Life after Google
George Gilder’s last book proclaims the demise of the world as we know it now, with Google, Amazon, Twitter, Facebook and other giants gone. Blockchain technologies would make Google and others obsolete and beside the point. Gilder’s arguments have elicited several harsh reviews on Good Reads, one of which downright asserting the following: “This was a depressing read. I'm pretty much convinced Gilder is mentally ill”.
Gilder is 79 years old. To write an intelligent and argumentative book about new technologies at such an age is a remarkable feat. The book itself hinges upon the premise that state institutions are evil, free market and libertarian policies are the best and the invisible hand would fix everything and would render the whole society happy and fulfilled. However, if one puts aside Gilder’s ideological preferences and attacks on Google Marxism some points stand out as truly significant, although not always original.
Google and many other semi-monopolist companies offer a great deal of their services for free. By doing so they distort the market, shed their liabilities towards clients and produce inequalities. It is a relevant point mentioned by other authors too. Whether blockchain is a remedy for this problem is not obvious though.
AI is a hype. Computers do not have intelligence and will never achieve it. They may be better than humans in some restricted areas like calculators are better in, for instance, multiplying numbers. Supervised machine learning, however, will never bring about consciousness. And there is little to AI than machine and deep learning.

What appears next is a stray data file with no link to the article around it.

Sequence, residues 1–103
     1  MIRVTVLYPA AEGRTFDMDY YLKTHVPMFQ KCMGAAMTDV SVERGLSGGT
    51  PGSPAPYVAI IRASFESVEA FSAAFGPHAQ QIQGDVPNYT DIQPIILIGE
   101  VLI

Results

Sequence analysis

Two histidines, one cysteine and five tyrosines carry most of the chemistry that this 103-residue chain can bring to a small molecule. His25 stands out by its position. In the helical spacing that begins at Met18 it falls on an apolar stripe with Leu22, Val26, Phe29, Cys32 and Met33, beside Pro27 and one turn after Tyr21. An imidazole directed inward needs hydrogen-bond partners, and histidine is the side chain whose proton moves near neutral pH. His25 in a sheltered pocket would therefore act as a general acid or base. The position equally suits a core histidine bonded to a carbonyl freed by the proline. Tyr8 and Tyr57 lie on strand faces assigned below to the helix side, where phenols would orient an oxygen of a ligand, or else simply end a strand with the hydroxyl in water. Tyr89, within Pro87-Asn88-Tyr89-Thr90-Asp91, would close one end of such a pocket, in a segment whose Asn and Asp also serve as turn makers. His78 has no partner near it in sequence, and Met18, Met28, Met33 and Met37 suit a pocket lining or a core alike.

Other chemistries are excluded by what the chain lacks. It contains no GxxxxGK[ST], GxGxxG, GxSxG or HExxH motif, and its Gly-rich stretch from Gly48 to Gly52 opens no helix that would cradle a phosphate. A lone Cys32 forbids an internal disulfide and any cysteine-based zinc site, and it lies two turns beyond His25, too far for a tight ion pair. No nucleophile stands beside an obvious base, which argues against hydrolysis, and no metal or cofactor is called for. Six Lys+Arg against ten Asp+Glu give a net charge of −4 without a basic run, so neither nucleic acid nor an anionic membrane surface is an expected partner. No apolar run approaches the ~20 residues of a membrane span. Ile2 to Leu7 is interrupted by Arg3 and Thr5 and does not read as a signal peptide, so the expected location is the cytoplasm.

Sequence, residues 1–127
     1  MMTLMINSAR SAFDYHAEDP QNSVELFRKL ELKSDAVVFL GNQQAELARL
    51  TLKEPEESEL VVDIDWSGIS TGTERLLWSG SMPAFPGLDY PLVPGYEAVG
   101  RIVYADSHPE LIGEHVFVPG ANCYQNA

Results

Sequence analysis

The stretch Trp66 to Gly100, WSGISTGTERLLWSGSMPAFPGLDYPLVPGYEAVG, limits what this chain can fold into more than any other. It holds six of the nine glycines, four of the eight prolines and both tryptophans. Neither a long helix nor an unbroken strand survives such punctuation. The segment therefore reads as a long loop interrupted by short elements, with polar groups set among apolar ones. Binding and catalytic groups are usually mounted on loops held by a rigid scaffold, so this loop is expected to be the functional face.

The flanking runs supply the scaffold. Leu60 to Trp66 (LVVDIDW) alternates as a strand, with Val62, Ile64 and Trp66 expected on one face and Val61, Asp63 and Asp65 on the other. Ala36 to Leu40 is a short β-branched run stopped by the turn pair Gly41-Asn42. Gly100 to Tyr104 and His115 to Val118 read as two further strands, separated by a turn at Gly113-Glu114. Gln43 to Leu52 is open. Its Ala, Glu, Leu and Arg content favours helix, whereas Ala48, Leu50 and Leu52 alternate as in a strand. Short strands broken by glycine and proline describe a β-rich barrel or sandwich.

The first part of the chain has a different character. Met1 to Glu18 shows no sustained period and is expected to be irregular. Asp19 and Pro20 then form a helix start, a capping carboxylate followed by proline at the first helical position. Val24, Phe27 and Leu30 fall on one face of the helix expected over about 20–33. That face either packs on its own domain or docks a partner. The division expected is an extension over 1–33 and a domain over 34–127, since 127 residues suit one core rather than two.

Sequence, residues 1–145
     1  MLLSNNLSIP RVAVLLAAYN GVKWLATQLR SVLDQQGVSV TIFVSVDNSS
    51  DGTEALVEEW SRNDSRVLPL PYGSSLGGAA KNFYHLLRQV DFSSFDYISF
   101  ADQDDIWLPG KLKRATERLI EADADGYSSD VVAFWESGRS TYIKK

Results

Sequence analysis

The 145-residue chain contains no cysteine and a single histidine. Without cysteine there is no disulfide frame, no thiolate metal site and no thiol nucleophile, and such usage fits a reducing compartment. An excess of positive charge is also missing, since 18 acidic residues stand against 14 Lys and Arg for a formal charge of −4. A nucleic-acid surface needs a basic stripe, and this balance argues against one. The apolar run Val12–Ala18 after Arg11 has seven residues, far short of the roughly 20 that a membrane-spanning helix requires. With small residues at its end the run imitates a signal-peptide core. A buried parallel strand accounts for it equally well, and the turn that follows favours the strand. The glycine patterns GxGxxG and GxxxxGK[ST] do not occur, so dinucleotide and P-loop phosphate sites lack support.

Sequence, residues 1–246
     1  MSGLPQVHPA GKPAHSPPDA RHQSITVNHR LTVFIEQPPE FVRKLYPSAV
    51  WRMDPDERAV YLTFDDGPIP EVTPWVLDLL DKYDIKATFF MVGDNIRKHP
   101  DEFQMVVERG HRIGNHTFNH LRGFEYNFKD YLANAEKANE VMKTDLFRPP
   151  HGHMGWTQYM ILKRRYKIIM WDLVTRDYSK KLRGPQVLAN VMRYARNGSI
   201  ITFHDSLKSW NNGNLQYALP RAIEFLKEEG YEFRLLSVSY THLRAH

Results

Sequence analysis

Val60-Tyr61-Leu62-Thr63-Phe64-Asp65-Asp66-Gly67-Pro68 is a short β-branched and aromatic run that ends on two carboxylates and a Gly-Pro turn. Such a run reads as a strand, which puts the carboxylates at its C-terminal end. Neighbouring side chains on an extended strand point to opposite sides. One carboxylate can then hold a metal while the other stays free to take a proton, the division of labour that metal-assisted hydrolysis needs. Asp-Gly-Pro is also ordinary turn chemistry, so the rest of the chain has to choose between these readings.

Online security has become a key question for businesses and leisure related to the Internet. Gilder maintains that the current computer architecture is too archaic and inadequate to make sure that the whole system does not break down. His claim is that blockchain needs to replace the existing architecture to guarantee the continued use of Internet services and secure our online identity.
Fiat money is the past. The future belongs to crypto, as Gilder argues. Here is a short passage from his book:
“The empire might think that Satoshi (inventor of the blockchain based bitcoin) and his followers are on shaky ground, but the emperors and their courtiers should look to their $280 trillion tower of debt, which is beginning to teeter. Their own fortunes may go down with it Government and investors everywhere should welcome the explosion of creativity in crypto, preparing a new financial system of the world for the moment when the fiat currency pinata bursts at last.”
If you are interested in other points Gilder is making you may want to read his book. If you want to share you thoughts on the book please write to us at firstname.lastname@example.org